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Clojure has always been good at manipulating data. With the release of spec and Onyx (“a masterless, cloud scale, fault tolerant, high performance distributed computation system”) good became best. In this talk Simon will walk you through a streaming data layer architecture build around Kafka and Onyx that is self-describing, declarative, scalable and convenient to work with for the end user. The focus will be on the power and elegance of describing data and computation with data; and the inferences and automations that can be built on top of that.
The three main lessons you will learn are:
1) the goto data layer infrastructure build around Kafka, Onyx and aggressive usage of materialized views, with emphasis on how to build a system that requires relatively little effort upfront but can grow with one's needs.
2) The problem of managing data and a case for declarative and queryable data descriptions. How these can be used as the basis for automatic materialized view inference where specialized views and data crossings are inferred from raw incoming data or other views based on a combination of heuristics, statistical analysis (seasonality, outlier removal, ...) and predefined ontologies. Doing so is a practical way to maintain a large number of views, increasing their availability and abstracting the complexity into declarative rules, rather than having an ETL pipeline with dozens or even hundreds of hand crafted tasks.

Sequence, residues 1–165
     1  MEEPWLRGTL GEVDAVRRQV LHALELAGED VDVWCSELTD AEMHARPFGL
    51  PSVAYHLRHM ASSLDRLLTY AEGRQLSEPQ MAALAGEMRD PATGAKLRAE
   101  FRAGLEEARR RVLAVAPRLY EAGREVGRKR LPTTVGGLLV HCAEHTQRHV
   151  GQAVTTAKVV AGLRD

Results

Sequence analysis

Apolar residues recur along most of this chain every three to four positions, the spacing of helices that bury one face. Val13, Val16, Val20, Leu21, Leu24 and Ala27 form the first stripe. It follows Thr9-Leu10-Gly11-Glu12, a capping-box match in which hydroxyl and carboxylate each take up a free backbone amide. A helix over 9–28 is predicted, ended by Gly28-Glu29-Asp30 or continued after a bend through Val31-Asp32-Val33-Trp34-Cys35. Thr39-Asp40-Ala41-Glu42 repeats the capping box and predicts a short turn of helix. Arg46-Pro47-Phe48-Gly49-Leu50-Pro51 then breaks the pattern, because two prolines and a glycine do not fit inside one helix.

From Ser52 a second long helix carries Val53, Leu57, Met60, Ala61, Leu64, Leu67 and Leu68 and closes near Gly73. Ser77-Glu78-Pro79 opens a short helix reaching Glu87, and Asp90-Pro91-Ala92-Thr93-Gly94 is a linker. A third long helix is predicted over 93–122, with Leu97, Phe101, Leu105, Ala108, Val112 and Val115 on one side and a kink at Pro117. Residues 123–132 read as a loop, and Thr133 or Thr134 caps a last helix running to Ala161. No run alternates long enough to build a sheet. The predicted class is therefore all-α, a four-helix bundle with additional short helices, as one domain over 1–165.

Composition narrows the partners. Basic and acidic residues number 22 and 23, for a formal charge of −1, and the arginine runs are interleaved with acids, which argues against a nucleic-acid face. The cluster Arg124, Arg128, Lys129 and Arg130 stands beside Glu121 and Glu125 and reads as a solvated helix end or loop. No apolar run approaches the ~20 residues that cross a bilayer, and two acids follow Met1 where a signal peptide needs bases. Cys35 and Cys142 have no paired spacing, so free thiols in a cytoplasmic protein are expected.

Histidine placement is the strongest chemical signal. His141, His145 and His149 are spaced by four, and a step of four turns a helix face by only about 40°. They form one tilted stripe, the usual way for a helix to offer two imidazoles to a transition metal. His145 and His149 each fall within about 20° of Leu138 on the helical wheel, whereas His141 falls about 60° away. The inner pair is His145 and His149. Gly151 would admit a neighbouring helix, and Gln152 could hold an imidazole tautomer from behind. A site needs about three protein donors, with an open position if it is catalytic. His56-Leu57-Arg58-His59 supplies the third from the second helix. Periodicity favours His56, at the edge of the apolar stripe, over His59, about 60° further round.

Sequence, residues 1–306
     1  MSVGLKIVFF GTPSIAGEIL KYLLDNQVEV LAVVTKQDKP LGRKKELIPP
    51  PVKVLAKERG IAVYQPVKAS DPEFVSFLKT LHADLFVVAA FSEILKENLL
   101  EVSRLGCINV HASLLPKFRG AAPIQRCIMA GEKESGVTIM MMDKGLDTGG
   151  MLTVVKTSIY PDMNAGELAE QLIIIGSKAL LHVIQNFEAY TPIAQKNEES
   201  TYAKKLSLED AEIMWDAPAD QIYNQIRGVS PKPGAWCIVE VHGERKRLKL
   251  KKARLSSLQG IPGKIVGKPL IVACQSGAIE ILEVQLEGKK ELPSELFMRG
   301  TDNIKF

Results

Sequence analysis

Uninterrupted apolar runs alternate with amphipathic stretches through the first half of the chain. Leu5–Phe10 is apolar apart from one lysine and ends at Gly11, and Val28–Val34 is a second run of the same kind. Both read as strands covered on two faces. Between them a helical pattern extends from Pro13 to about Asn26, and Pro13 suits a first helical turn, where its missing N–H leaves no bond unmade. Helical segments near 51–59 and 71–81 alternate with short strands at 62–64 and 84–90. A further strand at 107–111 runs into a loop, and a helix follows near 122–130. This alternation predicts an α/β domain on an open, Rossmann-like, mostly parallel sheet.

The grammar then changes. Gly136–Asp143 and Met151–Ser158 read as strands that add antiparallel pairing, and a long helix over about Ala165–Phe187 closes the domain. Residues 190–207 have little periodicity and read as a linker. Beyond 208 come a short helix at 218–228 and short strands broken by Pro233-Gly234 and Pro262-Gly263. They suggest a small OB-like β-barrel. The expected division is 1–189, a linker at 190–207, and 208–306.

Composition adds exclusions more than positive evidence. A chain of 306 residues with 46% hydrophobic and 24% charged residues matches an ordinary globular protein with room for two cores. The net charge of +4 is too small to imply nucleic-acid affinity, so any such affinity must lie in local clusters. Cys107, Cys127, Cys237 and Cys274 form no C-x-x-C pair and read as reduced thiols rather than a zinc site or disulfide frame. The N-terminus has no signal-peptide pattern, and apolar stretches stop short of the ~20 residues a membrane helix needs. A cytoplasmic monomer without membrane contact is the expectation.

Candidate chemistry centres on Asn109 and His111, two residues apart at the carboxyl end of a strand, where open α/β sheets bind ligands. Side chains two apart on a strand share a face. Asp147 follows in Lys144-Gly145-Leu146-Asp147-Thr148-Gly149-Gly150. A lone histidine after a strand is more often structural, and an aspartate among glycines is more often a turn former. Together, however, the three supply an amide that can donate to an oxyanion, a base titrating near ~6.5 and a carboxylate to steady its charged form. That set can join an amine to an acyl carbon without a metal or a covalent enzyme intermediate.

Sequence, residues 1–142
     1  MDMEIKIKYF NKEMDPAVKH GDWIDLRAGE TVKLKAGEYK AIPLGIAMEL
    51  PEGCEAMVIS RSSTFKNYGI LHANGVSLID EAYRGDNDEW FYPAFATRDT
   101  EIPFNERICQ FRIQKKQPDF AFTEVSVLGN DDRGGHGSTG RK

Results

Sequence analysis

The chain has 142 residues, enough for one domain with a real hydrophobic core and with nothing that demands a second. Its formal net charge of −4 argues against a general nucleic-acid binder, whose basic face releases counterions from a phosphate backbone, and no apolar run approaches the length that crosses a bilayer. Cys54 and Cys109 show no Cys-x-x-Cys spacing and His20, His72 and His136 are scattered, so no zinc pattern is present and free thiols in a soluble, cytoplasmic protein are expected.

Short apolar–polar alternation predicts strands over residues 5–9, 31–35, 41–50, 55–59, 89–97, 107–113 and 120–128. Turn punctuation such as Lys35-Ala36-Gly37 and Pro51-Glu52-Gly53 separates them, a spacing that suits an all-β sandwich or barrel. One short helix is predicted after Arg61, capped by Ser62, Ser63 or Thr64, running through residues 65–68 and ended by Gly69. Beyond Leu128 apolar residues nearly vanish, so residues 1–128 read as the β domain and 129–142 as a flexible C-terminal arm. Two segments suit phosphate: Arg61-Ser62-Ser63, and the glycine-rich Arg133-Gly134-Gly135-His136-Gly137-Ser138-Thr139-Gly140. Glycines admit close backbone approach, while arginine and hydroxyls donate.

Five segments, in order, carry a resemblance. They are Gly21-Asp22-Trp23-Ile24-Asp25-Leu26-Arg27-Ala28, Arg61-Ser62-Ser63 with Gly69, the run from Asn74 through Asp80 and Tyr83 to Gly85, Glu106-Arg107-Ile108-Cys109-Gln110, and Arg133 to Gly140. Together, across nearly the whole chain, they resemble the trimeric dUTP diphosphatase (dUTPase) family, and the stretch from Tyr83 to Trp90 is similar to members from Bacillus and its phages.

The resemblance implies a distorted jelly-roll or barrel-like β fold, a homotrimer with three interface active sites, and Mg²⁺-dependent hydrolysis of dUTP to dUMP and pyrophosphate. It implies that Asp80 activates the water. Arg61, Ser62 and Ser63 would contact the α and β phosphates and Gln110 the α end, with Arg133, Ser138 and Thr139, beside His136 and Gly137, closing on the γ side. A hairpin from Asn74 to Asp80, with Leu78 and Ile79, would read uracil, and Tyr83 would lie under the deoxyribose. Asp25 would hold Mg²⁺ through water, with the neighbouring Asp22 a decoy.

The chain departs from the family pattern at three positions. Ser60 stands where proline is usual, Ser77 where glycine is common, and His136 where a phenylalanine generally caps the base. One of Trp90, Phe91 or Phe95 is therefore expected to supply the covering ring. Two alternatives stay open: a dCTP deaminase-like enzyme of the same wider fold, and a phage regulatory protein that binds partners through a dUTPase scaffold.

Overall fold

3) how and why Clojure is a natural choice for tasks that involve a lot of data manipulation, touching both on functional programming and lisp-specifics such as code-is-data.
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Simon built his first computer out of Lego bricks and learned to program soon after. Emergence, networks, modes of thought, limits of language and expression are what makes him smile (and stay up at night). The combination of lisp and machine learning put him on the path of always striving to make himself redundant if not outright obsolete.